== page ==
The new ‘Act of Union’ is a plan to hamstring any further attempts at Independence should we fail to vote ‘Yes’ yet again. The horse has already bolted clean through the stable door Kezia.

  2. bringiton

    These people like to hide behind the edifice of the British state.
    “Foreigners” refer to the British state as England and not being a resident of that country,so do I.
    Thatcher destroyed the last pretence of Scotland having a say in how the union operates and more importantly exposed who it truly operates for.
    This final debacle of European exit,must surely inform Scots that we have little or no say in terms of what is best for our country and those who continue to support that arrangement,no interest.
    Many will have to return to the day job soon,if they have one.

  3. Cuilean

    The British Labour Party in Scotland is a political irrelevance.

    It is becoming increasingly irrelevant in England too. The two upcoming English MP constituency by-elections will be watched closely to gauge Labour’s slump.

    If the slump is shown to be truly dire, pressure will mount for Labour to split into two left and right wing British Labour parties.

    Scots labour voters will look on England askance and turn more & more to SNP for salvation.

  4. Sandy

    Wings over Scotland held a Twitter poll and decided to keep posting news of the Scottish Labour party as it had comedy value (but little else). With polls at the weekend showing Labour support in Scotland dropping to 10%, maybe its time to just start ignoring their feeble, desperate calls? Who could possibly take anything Kezia Dugdale has to say about the UK or Scottish constitutional arrangements serioulsy?

  5. Dorothy Bruce

    Too late now for federalism. The Labour party should have run with that decades ago and, if they were serious about it, certainly shouldn’t have vetoed much of the Smith proposals or connived with the Tories to vote down amendments to the Scotland Act. Federalism is Dugdale’s fig leaf. It gives her something to bray about and covers her party’s lack of policies and ambition for Scotland.

    Nor is any kind of federalism wanted in England which sees being split into regions as tantamount to attacking and lessening the English identity. That was the case before the Brexit vote and it’s certainly the case now when England drools about being a major force in the world again despite drawing the cloak of isolationism around itself.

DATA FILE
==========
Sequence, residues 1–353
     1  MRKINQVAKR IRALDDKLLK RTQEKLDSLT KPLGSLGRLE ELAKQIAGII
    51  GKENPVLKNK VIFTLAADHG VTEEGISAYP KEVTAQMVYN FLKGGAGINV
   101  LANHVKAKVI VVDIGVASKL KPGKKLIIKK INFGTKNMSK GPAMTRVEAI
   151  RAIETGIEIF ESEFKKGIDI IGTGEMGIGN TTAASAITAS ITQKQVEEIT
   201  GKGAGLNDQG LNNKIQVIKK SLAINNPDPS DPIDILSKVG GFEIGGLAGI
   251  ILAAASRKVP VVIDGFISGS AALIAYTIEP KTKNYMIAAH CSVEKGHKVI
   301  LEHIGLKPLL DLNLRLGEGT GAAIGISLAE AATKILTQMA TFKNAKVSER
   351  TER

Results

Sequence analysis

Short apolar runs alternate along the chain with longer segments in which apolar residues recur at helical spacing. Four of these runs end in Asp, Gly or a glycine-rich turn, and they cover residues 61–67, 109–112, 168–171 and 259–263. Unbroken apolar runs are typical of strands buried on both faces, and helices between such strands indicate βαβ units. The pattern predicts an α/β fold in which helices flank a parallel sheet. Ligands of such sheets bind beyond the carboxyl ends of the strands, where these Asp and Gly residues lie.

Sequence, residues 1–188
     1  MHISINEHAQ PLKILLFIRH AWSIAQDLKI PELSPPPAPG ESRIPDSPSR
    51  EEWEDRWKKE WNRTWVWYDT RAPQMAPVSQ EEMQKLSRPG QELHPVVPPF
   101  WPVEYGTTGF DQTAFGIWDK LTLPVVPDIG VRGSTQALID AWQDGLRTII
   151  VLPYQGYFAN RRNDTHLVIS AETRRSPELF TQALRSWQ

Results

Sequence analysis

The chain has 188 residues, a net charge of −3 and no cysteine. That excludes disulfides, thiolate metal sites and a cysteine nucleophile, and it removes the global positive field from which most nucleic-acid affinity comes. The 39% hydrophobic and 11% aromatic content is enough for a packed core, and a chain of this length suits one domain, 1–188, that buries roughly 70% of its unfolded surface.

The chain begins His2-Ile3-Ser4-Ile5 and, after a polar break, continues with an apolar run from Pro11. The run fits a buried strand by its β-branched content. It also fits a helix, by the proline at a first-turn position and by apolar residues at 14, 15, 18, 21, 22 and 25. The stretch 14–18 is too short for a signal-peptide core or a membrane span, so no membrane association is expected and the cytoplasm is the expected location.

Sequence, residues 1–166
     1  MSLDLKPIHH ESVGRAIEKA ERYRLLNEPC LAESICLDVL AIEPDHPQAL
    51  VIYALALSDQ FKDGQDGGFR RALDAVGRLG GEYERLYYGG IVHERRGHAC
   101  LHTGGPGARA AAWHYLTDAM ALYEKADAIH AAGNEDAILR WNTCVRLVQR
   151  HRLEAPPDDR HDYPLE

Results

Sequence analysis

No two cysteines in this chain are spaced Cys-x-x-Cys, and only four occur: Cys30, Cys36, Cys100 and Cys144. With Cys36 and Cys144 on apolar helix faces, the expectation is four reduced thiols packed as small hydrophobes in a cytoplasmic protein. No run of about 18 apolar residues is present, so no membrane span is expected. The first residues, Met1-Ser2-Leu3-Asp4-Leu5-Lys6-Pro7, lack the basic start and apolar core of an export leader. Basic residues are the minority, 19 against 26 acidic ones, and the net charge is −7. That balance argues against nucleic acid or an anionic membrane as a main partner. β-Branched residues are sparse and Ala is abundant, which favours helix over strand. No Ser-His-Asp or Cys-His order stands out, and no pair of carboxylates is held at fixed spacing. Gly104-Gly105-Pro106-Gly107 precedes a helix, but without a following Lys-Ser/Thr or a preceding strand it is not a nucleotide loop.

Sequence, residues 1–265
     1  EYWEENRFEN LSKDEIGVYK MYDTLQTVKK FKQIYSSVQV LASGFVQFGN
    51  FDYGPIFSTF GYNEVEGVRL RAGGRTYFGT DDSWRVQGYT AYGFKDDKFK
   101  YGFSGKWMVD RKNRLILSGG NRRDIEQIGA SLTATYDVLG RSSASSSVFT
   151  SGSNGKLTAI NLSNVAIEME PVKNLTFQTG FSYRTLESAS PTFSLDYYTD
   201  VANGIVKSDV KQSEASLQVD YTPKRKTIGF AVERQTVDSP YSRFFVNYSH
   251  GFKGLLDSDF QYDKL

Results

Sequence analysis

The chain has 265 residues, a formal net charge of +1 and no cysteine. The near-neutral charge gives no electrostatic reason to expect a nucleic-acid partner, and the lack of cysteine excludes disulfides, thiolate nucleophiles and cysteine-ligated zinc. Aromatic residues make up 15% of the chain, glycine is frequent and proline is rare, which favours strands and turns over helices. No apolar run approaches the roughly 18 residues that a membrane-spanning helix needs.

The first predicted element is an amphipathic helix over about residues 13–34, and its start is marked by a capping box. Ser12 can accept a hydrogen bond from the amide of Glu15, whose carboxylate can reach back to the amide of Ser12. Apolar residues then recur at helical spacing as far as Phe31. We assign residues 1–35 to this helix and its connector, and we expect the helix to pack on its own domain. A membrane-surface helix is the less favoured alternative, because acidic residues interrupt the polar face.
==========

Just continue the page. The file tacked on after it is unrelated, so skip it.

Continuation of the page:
Federalism is a dead duck long past revival.

  6. alasdairB

    Federalism is now, if it ever was, a definite non starter next time round. If the Unionist parties had taken their chance directly after the September 14 vote we could have reached a compromise proposal negotiated and agreed around Federalim. They did not and in its place railroaded the existing far from satisfactory Scotland Act where in effect Holyrood has little more say than a regional authority.

    They’ve had their chance. Scotland is going for Independence . This time we’ll win and thereafter to will have full fiscal control over our, SNHS & social services & care for our disadvantage & needy, a complete overhaul of the State pension system where our senior citizens are valued both monetarily & with respect, personal & corporate taxation, vat receipts, oil & gas receipts & control of fishing & agricultural and our own tailor made inward migration policy. The Unionist parties cannot come close to offering Scotland any settlement which might come remotely close to making Scotland the most devolved Parliament in the world.

    Federalism is dead and buried

  7. Robert Graham

    Good assessment of Kezia’s position in your post , and i believe she couldn’t argue with one word of it if she was truthful , and right there is the nub of it ,Truth , how many times have we listened to her say i listened very carefully to this or that then went on to totally LIE about what was being discussed , she seems to believe we all have short term memory loss , well never again will we fall for your pish dear now go and find a useful occupation where you can’t do any harm .